Running Away

Image by lisa runnels from Pixabay

If you want to know how to get into a proper snit, ask a four-year-old.

I would know.

When I was around that age, I got in a snit about something my Dad had done or wouldn’t let me do.

So I decided to teach him a lesson.

I announced to my Dad, “I’m going to run away from home!”

He replied with a barely suppressed smile, “I’ll help you pack!”

This got me even madder. I bundled some belongings in a bandana and tied it to a stick to prepare for my journey (I must have seen this in a cartoon). I then stormed out of the house dramatically.

I stomped around the backyard for a while to make my point. Eventually, though, I got hungry and had to go back inside for dinner. (Where humble pie was no doubt on the menu.)

What lesson did I learn?

That even though I was mad at my Dad, he provided everything I needed. I had to go back to him. Where else could I go?

In the same way, sometimes we’re unhappy with the way our Heavenly Father is arranging things in our lives.

Read more

What’s in a Name?

Photo by Jill Wellington on Pixabay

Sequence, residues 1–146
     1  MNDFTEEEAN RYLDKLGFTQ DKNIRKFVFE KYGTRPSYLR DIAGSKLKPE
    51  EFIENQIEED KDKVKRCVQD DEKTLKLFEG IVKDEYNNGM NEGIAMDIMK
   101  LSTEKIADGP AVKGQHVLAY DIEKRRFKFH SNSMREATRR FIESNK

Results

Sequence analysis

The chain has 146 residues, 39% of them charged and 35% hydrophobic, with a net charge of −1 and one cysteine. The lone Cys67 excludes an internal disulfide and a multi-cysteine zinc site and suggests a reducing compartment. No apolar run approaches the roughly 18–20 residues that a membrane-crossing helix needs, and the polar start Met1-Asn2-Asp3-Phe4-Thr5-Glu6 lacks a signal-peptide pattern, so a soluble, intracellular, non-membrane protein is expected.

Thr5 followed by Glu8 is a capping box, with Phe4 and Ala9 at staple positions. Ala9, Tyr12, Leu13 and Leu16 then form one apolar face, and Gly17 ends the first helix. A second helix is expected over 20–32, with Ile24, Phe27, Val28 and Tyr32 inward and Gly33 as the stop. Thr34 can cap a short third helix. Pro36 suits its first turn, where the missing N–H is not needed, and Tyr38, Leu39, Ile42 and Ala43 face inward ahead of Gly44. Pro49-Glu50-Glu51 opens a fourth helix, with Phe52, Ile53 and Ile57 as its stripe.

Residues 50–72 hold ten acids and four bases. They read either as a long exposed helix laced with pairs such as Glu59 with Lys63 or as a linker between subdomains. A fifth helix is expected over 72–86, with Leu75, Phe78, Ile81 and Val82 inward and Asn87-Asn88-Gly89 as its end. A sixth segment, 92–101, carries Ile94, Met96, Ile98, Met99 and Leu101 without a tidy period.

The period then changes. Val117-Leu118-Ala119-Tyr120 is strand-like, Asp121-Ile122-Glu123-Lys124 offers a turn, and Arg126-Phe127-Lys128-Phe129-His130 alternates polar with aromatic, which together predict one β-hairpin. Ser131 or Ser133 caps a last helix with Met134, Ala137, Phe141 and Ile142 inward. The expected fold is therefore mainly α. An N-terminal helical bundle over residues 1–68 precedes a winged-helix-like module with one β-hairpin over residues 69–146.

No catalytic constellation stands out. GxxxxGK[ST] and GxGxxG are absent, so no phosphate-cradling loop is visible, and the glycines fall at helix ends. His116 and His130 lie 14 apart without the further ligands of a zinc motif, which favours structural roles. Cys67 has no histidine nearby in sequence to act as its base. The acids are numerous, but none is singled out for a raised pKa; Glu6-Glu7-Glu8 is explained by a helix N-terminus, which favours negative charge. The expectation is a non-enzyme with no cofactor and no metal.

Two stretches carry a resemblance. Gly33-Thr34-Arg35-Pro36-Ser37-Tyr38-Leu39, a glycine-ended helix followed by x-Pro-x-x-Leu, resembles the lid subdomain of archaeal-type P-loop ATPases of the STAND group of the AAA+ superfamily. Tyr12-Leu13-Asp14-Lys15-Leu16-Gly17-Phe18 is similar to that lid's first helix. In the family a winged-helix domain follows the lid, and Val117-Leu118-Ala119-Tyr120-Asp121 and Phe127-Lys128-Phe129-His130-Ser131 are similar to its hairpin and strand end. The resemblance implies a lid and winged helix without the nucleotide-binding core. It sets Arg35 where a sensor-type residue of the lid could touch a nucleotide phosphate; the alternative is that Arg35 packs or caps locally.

As a gardener, I must admit that I prefer using the common or folk names for flowers. These sometimes-ancient names are often whimsical and enchanting, like “Miss Willmott’s Ghost,” whose origins we explored last week.

Who wouldn’t love calling flowers by such names as cherry pie plant, lady’s slipper, love-in-a-mist, baby blue eyes, bachelor’s button, quaker ladies, whirling butterflies, johnny-jump-up, busy lizzie, or candytuft? It makes the heart sing to use endearing names like these.

The scientific or botanical names for flowers, on the other hand, can seem daunting. They’re usually derived from Latin, and while they can give a more accurate description of what a plant’s nature is, they can sound a bit intimidating to my ears.

In fact, some botanical names actually sound like a disease:

“Don’t tell anyone, but I’ve got Scabiosa again.”

“That’s nothing! You should see my sister’s Myosotis: it’s rampant.”

“You don’t say! But did you hear about Kelly? She’s got Nepeta nervosa.”

“No! Is she seeing a psychiatrist for that?”

(In case you’re wondering, Scabiosa is the botanical name for the pincushion flower; you might know Myosotis better as the little blue forget-me-not; and Nepeta nervosa is a type of catmint.)

I’m so glad that we have the opportunity to use informal names for the flowers we cherish.

In the same way, believers have been given the great privilege of using a remarkably intimate name for God: “Abba Father.”

Read more